Now it’s a test of clout vs. cash
With both candidates claiming the lead, Democrats dug in Wednesday for a prolonged nominating fight that will test Hillary Rodham Clinton’s establishment support against Barack Obama’s growing financial edge.
As Missouri tipped into Obama’s column, giving him 13 Super Tuesday states to eight for Clinton, campaign strategists spent the day crunching vote totals to determine their share of delegates to the party’s national nominating convention.
Their tallies differed -- each side asserting they were ahead -- but both camps agreed the numbers were exceedingly close, making for the most competitive Democratic race in at least 40 years.
Clinton revealed she lent her campaign $5 million to keep pace with Obama’s torrid fundraising. Separately, campaign insiders acknowledged that some staff members were working without pay, including campaign manager Patti Solis Doyle.
Clinton and Obama ended last year on a near-even financial footing, but in January the Illinois senator raised $32 million compared with less than $14 million for Clinton. She said Tuesday’s results, including big wins in California and the Northeast, “proved the wisdom” of her personal investment.
With seven more contests over the next six days, Clinton promised no respite, despite a voice raw from overuse.
“It’s going to be a mad dash until Tuesday,” the New York senator told reporters at her campaign headquarters outside Washington. “Not a lot of time to catch your breath. We are full speed ahead.”
In Chicago, Obama also claimed victory, asserting he not only won more states Tuesday but will beat Clinton in the delegate count once the final results are known days or weeks from now.
“I think the Clinton camp’s basic attitude was that the whole calendar was set up to deliver the knockout blow on Feb. 5,” Obama told reporters before flying to Washington for a day off the campaign trail. “We’ve got many more rounds to fight.”
He waved off Clinton’s proposal for a series of debates between now and March 4, when Texas and Ohio hold primaries. “I don’t think anybody is clamoring for more debates,” Obama said, noting there have been 18 so far. His priority, he said, was “to spend time with voters.”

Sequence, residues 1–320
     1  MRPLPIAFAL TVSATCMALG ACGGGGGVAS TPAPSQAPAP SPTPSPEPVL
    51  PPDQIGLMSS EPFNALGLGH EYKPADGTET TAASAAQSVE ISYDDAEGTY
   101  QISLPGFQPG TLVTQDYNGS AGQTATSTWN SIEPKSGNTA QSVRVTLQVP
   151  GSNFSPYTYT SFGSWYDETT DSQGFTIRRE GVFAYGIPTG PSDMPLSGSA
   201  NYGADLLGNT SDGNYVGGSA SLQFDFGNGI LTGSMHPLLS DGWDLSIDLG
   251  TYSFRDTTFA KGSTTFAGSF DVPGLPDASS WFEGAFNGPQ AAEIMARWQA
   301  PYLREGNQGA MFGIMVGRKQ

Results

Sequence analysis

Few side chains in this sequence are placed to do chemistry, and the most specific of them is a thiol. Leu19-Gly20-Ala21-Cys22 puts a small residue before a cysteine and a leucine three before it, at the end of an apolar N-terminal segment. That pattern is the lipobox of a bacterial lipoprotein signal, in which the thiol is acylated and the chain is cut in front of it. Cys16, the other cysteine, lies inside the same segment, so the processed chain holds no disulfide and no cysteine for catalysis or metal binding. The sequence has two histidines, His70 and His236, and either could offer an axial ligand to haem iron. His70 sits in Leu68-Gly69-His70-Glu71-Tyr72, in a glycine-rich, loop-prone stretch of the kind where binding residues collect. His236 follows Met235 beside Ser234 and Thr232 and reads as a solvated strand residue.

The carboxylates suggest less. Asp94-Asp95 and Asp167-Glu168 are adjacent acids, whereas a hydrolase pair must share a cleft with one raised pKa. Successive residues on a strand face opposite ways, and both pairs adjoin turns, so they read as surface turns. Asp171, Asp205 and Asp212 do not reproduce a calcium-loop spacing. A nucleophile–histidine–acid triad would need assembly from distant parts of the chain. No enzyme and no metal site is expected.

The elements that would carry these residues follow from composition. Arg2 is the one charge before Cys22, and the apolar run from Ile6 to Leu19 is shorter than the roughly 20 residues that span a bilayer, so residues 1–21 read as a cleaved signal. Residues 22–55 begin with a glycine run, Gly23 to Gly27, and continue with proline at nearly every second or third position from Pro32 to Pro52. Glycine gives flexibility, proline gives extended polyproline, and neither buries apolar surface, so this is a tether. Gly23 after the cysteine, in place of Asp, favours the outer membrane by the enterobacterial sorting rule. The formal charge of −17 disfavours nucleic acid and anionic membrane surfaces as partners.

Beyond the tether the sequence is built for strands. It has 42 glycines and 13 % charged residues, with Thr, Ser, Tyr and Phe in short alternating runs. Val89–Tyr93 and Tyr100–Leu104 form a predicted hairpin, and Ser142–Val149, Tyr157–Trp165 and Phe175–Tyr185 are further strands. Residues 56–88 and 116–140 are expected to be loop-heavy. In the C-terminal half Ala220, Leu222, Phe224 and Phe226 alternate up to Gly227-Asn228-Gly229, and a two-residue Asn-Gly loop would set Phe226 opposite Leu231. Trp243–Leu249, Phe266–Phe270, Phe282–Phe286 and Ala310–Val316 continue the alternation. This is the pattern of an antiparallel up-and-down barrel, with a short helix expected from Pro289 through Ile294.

The full Super Tuesday fallout was unclear.
Millions of ballots are still to be counted from the day’s 22 contests, including as many as 2 million in California. New Mexico remained too close to call, with Clinton ahead by just over 200 votes.
As of Wednesday night, Clinton had won 784 delegates to Obama’s 758, according to the Associated Press.
Overall, that gave Clinton a delegate lead of 1,045 to 960 for Obama, with 2,025 delegates needed to claim the Democratic nomination this summer in Denver. There are about 2,000 delegates still up for grabs.
Given the way the party divides its delegates -- on a proportional basis, rather than winner-take-all -- most analysts predict a long, grinding fight to the nomination.
“We’re in for a state-by-state, delegate-by-delegate slog to the finish and it’s likely to remain very close,” said Mark Mellman, a longtime Democratic pollster who is neutral in the primary.
The contest is not so much a split over issues or ideology, though the candidates have differences. Rather, it has turned into a competition between coalitions. For Clinton, it is women, Latinos, older voters and the economically hard-pressed. For Obama, it is men, African Americans, younger and more upscale voters.
Each would appear to enjoy advantages in upcoming contests. For Obama, it starts Saturday in Louisiana -- a state with a large black population -- and continues Tuesday in Virginia, Maryland and the District of Columbia, all of which combine big African American populations with pockets of affluent white voters.
For Clinton, the prospects look promising next month in Texas -- which is heavily Latino -- and Ohio, an industrial state that has struggled economically.
From now on virtually all the major contests are primaries -- not caucuses -- and Clinton has done better in primary states.
The candidates have other strengths.
Clinton, long the front-runner in the contest, leads Obama among “super delegates” -- the party leaders and elected officials whose status automatically gives them a vote at the convention. There are nearly 800 of them and these members of the party establishment could prove decisive if Clinton and Obama are still effectively tied at the end of the primary season in June.
“My guess is we’ll know the nominee before we get to the convention, almost certainly as a result of what the super delegates choose to do and how they choose to do it,’ Mellman said.
Obama enjoys a growing financial edge, thanks not just to the tens of millions of dollars he has raised -- he slightly trails Clinton in overall receipts -- but the way he has brought in his money.
Clinton has relied heavily on large donors, at least half of whom have already given the maximum allowed by law.
By contrast, Obama has built an extensive network of small givers who are free to keep donating until they hit the $2,300 federal contribution ceiling. One regular Obama donor is Sharon Pipino, 58, a massage therapist in Anchorage who has given more than $200 by chipping in $25 or $50 at a time.
“I want him to be president,” she said Wednesday. “I just decided I would give money every month.”
Times staff writers Janet Hook and Dan Morain contributed to this report.